9. It makes me sad that this is indeed the image that emerges of tango, and some people obviously revel in it. (But do you realize that there is a similar image of swing dancing, with swing dancers dressing up as gangsters, etc?) I disagree with that representation. Tango is not about anger at all, it is sweetness and earnestness. It is both serious and playful, at the same time, with playful challenging, back and forth between partners. Tango as a social dance was suppressed and almost lost between the 1950s and the 1980s. Then in the 80's tango was re-interpreted by show dancers. These show dancers didn't understand the nature of tango posture and tango movement that give it its sweetness. Instead, they copied the steps and fabricated a technique for visual effect. The dancers that I mentioned earlier, Javier and Geraldine are heroes because they helped re-discover what some of the old people still knew as tango. A vast majority of social dancers in the US don't know what this difference is and why it matters. The fundamental nature of their movement does not match the old (1920s-1950s) music and so they become indifferent to it.
  10. Kainscalia, I never said you know nothing about tango. I suggest you read or listen more precisely before you engage somebody about something he says. I will give you the benefit of the doubt that you are honestly mistaken. But based on your behavior here I'm not holding my breath waiting for an apology. And that was not a "quip" about your education. I was identifying the IDEAS that you subscribe to.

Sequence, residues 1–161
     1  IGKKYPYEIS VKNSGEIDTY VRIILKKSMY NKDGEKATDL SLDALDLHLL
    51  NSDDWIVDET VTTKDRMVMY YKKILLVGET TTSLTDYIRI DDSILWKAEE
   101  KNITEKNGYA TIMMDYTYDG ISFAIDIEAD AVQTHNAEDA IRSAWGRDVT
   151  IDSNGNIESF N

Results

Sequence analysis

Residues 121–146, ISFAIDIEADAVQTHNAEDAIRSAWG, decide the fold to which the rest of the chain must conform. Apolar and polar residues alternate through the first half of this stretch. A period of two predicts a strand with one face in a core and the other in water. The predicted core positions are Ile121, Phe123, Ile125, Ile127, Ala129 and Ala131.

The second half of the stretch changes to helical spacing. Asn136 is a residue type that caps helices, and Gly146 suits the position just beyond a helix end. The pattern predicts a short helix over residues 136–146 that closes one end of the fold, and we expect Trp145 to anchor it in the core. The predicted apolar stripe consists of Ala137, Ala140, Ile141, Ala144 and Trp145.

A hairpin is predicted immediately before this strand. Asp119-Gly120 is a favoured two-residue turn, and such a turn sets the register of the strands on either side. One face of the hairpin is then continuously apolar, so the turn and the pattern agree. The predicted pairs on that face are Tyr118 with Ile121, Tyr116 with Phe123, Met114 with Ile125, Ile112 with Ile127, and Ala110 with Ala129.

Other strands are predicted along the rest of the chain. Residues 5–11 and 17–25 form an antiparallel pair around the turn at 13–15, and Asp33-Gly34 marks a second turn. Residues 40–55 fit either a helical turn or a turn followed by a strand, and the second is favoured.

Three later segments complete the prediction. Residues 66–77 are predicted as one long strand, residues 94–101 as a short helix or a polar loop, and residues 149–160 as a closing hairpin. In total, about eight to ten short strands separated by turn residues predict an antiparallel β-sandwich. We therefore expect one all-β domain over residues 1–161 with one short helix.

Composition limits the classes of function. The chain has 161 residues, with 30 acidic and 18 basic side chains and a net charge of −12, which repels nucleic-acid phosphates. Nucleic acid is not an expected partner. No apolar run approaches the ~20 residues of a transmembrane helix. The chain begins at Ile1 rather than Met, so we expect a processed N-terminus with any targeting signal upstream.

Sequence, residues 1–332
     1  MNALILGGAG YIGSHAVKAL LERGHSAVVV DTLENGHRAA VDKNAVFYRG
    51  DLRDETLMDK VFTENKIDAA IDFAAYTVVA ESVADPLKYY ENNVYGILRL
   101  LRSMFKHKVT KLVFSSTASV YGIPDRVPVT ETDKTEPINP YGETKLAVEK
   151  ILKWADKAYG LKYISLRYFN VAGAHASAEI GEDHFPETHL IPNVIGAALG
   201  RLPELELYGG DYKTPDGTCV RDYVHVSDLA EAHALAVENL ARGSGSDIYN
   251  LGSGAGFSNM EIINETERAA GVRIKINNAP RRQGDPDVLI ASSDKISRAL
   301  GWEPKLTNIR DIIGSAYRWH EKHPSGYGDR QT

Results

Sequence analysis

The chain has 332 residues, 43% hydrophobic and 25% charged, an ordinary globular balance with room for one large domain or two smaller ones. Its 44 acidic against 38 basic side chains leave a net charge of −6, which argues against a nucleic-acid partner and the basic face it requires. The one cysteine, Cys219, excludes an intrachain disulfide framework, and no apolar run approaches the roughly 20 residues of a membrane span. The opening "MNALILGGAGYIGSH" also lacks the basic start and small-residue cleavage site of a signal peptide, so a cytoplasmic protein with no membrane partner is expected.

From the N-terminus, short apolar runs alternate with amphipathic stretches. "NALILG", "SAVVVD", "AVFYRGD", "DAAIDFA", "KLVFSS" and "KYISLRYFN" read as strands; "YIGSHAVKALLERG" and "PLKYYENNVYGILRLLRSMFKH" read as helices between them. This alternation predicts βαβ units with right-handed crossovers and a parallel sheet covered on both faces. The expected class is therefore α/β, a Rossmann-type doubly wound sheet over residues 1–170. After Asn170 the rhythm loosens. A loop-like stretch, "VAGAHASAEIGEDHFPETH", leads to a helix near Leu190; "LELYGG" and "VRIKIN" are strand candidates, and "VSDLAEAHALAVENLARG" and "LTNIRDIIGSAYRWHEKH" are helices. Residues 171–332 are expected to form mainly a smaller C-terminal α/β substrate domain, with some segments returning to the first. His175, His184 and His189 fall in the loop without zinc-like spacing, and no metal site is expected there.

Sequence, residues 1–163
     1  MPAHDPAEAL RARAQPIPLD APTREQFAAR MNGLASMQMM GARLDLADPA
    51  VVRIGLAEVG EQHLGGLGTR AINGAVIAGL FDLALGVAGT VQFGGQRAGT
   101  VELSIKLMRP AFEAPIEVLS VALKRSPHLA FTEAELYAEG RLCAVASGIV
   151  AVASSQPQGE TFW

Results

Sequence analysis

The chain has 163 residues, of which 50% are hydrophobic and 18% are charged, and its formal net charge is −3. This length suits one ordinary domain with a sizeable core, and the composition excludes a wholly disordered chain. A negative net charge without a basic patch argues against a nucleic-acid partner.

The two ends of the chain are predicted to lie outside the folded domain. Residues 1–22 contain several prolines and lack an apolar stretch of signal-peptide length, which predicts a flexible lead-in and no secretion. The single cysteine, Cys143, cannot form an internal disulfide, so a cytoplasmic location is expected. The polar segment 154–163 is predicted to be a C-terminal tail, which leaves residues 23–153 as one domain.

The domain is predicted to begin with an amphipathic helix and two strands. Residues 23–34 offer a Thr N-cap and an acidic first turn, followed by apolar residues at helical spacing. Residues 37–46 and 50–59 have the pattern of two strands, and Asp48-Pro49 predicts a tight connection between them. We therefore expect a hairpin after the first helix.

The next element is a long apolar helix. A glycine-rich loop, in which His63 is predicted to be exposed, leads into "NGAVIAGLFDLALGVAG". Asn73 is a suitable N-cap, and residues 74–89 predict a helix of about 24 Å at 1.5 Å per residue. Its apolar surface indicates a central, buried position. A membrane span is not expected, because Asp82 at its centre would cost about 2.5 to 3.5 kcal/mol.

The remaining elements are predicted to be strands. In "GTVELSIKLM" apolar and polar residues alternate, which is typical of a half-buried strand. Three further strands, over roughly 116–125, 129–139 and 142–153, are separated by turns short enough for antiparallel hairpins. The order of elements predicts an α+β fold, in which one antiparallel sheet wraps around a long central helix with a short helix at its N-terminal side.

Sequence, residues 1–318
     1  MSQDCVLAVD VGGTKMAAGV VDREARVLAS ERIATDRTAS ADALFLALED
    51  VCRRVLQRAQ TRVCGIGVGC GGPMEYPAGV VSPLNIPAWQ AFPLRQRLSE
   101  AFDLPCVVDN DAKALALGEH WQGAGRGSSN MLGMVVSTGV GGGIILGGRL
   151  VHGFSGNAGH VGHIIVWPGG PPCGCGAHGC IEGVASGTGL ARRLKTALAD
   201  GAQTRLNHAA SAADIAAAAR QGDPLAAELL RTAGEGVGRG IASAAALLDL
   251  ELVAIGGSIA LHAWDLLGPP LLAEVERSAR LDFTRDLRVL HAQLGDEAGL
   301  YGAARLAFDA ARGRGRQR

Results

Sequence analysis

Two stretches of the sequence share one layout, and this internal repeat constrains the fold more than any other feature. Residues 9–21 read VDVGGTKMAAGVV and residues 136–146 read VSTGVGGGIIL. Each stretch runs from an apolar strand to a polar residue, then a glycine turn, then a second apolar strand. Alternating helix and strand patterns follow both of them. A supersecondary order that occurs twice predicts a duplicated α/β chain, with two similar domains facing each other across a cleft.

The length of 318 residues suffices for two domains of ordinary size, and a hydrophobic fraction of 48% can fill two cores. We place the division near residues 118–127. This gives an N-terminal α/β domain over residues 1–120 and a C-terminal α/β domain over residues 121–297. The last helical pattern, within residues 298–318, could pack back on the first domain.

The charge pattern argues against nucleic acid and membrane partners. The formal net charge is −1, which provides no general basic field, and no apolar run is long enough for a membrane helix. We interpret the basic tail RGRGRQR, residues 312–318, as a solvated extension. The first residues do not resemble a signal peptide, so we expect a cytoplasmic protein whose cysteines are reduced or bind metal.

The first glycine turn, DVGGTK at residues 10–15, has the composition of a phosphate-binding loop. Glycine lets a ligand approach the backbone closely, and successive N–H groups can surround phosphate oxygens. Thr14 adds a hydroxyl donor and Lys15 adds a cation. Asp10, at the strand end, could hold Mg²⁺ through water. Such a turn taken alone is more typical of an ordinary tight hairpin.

11. Kainscalia, you insist on making ad hominem attacks. You speculate about me, and you're wrong! As I said before, let's drop it. You have nothing to offer me in this area.
  12. Look Kainsclia, the fact that you are a good musician does not mean that you automatically understand Tango, qua dance music (let alone that you would be able to play it.) You insist in appealing to authority and keep focusing on the image that the humanities professors have created about tango. The Saura movie completely bypasses the esthetic qualities of tango as a social dance (which are very sweet indeed). And you are not interested in that either--you are trying to belittle something you know nothing about--so let's just drop it.
  13. You imply that you know something about "THE passion behind the dance." But I am not convinced because all you give for support is cliche's and stereotypes: So Kainscalia, are you saying it was a dance of "the proletariat?" What does that have to do with "passion?" Who's passion? What does that have to do with tango as a dance? (these are rhetorical questions.) Well Kainscalia, you misread what I wrote! Your comment is not relevant to what I said.